Whether you buy them in the shops or you make them at home, Christmas wouldn’t be Christmas in the UK without these two typical English recipes: Mince pies and Christmas cake.
Mince pies date back to the 11th century when crusaders returning from the Holy Land brought home with them oriental spices like cinnamon, cloves and nutmeg. These three spices were the symbol of the gifts given to the Christ Child by the Magi, and were added to mincemeat, which was used to fill large rectangular meat pies. Over the centuries the pies changed shape (from rectangular to round) and got smaller and the filling became a mix of spices and dried fruit soaked in brandy, and put into little pastry cases, covered with a pastry lid.
During Oliver Cromwell’s reign Christmas (considered a pagan holiday) was banned along with pies, that were seen as a forbidden pleasure. Christmas and pies were eventually reintroduced by King Charles II in 1660.
The tradition of mince pies has survived over the centuries and this is the recipe to make them, but before you start making mince pies, you need to get the mincemeat ready!
The ingredients for mincemeat are:
- 250 g raisins,
- 250 g currants,
- 125 g mixed candied peel,
- 2 cooking apples,
- grated peel of 1 orange and 1 lemon,
- 125 g brown sugar,
- 125 g butter,
- ½ teaspoon each of nutmeg, cinnamon and cloves,
- 155 ml brandy.
(Makes about 1.5 kg mincemeat)
Once you’ve got all the ingredients you can start: finely chop the raisins, currants and mixed candied peel, and place in a bowl. Chop the apples, melt the butter and add with the lemon and orange peel, brown sugar, spices and brandy to the raisin mixture. Combine well and leave it mellow 3 days before using it. After 3 days you are ready to make mince pies.
For the dough you need:
- 250 g plain flour,
- 1 tablespoon sugar,
- 155 g butter,
- 2 tablespoons water,
- 1 egg yolk.
(Makes 10 mince pies)
In a mixing bowl combine flour and sugar; then rub in the butter, add the egg yolk, water and mix into a firm dough. Wrap it up and refrigerate for 1 hour.
On a floured surface roll pastry to ¼ cm thickness, cut circles (8 cm large) with a cutter: these are for bottom crusts. For top crusts cut the dough into smaller rounds (4 cm large) or star-shaped-tops. Place bottom pastry circles into tins, fill them with a heaped teaspoon of mincemeat and cover with top pastry lids. In the meantime pre-heat the oven to 190°C.
Using a fork pierce the top of your mince pies to allow steam to escape and bake until the pies are a light golden brown. Leave them to cool down and dust with icing sugar if you want.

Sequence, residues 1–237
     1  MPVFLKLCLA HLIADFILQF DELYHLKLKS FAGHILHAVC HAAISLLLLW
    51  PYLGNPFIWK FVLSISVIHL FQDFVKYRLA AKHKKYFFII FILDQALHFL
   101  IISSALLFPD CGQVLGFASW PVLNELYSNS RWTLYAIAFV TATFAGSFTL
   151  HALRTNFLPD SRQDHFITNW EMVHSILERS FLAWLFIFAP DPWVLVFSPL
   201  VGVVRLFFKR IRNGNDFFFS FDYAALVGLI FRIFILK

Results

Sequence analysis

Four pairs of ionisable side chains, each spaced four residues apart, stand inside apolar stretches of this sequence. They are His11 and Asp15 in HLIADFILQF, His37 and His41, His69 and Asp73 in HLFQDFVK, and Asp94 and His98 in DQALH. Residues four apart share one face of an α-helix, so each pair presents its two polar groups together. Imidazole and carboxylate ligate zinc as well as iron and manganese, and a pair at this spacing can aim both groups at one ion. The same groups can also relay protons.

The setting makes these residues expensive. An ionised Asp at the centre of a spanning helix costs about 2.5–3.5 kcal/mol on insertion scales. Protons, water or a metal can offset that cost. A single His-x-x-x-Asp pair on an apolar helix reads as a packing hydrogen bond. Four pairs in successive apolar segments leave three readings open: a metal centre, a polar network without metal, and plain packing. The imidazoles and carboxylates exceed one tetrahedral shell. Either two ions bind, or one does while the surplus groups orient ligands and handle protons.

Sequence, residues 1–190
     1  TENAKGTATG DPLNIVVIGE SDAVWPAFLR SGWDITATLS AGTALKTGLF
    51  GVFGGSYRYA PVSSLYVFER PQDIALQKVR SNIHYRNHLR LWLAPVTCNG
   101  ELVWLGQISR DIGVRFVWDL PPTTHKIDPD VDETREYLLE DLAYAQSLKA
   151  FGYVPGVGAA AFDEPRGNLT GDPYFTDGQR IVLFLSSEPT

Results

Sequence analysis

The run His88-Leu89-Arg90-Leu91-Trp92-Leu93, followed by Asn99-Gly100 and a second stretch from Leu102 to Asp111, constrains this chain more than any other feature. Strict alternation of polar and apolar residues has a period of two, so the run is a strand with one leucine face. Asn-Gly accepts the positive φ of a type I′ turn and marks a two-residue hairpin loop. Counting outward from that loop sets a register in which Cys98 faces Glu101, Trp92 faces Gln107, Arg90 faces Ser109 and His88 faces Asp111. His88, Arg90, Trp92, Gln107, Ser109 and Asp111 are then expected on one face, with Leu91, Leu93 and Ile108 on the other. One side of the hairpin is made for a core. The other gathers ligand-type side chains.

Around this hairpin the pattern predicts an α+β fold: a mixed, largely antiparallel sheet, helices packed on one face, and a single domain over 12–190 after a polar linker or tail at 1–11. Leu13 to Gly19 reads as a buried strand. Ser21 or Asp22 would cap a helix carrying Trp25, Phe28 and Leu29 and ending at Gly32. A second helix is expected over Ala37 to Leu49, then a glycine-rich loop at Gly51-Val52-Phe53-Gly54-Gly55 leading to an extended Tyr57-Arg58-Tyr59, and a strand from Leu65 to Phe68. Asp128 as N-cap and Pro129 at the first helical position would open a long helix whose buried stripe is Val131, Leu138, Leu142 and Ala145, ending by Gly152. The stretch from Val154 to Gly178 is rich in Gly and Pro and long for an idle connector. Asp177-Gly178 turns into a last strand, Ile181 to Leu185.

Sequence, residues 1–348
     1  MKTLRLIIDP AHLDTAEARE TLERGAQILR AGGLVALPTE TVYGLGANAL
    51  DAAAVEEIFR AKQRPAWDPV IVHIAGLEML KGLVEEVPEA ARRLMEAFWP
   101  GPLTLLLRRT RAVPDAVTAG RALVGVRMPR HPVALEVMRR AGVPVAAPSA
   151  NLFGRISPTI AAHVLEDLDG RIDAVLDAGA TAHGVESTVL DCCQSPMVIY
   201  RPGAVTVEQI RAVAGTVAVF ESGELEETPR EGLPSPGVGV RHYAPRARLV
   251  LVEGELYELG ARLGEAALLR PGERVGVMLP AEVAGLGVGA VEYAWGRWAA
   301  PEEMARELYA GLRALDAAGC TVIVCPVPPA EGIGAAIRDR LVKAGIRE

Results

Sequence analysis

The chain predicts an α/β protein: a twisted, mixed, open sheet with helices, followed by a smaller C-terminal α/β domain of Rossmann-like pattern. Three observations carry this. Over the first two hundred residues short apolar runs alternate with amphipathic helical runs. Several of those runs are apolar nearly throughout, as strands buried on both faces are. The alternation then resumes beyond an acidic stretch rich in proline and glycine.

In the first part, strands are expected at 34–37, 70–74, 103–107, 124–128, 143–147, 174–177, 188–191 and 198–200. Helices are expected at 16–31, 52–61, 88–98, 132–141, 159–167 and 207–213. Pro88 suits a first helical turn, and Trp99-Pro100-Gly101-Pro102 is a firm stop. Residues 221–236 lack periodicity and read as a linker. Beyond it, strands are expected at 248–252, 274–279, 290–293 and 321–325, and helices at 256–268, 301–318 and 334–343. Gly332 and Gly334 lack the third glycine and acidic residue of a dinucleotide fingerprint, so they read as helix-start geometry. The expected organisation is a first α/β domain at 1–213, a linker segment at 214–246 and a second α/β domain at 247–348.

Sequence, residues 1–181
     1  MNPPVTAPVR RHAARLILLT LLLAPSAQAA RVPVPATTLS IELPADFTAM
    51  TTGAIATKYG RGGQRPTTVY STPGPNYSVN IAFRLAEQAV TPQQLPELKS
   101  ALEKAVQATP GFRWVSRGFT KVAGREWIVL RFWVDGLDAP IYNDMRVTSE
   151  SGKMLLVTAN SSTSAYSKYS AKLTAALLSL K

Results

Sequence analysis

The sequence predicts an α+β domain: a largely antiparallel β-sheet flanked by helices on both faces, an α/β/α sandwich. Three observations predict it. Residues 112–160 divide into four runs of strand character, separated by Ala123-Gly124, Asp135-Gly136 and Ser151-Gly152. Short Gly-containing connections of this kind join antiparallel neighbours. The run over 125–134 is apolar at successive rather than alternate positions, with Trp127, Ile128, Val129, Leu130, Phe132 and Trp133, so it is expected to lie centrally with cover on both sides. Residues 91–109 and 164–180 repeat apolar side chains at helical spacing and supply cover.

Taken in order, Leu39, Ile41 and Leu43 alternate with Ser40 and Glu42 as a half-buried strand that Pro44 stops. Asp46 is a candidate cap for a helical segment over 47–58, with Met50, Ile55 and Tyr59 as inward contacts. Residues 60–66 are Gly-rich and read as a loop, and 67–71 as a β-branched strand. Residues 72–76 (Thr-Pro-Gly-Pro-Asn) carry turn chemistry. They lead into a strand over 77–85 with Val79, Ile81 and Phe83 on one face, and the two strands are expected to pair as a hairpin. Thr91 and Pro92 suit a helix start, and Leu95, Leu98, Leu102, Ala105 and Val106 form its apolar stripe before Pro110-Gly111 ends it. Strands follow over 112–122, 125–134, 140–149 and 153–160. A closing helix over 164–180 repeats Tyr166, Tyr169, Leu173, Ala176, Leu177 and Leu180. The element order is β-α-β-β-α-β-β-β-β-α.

Christmas cake is an English tradition that started as plum-porridge, but very soon dried fruit, spices and honey were added to the porridge mixture, and afterwards it turned into Christmas pudding. In the 16th century butter, wheat flour and eggs were added.
Richer families that had ovens used to make fruit cakes with marzipan to celebrate Easter, and for Christmas they made a similar cake with dried fruit and spices, that became known as “Christmas cake.”
People usually prepare Christmas cakes in advance: many make them in October or November! Christmas cakes are basically fruit cakes covered with almond paste and icing, but there are many recipes to make them; the following is the most traditional one.
The ingredients are:
- 225 g plain flour
- ¼ teaspoon salt
- mixed spice
- 30 ml black treacle
- 200 g butter
- 200 g dark brown sugar
- ½ teaspoon vanilla essence
- 4 eggs
- 800 g mixed dried fruit
- 100 g chopped mixed peel
- 150 g glacé cherries
- 100g chopped almonds
- apricot jam
- almond paste
- royal icing
Grease a round or square cake tin and line the base and sides with greased greaseproof paper. Mix together the flour, salt, mixed spice, and add melted butter, sugar, treacle and vanilla essence. Beat in the eggs and fold in all the fruit and almonds (a handy tip 😉 mix the dried fruit and the cherries with a few spoons of flour before adding to the cake mixture…this will stop it from sinking to the bottom of the cake). Turn the mixture into the cake tin and cook in the oven for 3-4 hours at 150°C. Remove from the oven and leave in the tin for at least 15 minutes.
After cooling down I suggest you turn the cake up side down, make some holes with a skewer and pour over brandy. Then wrap the cake in greaseproof paper and store in an airtight tin for at least a week.
Later brush the top and sides of the cake with sieved apricot jam. Roll out the almond paste and cut into a circle the same size as the cake, then cover it. Spread the icing all over the cake and decorate while it is still soft. Leave to set.
Now you have the recipes, you are all set to celebrate Xmas!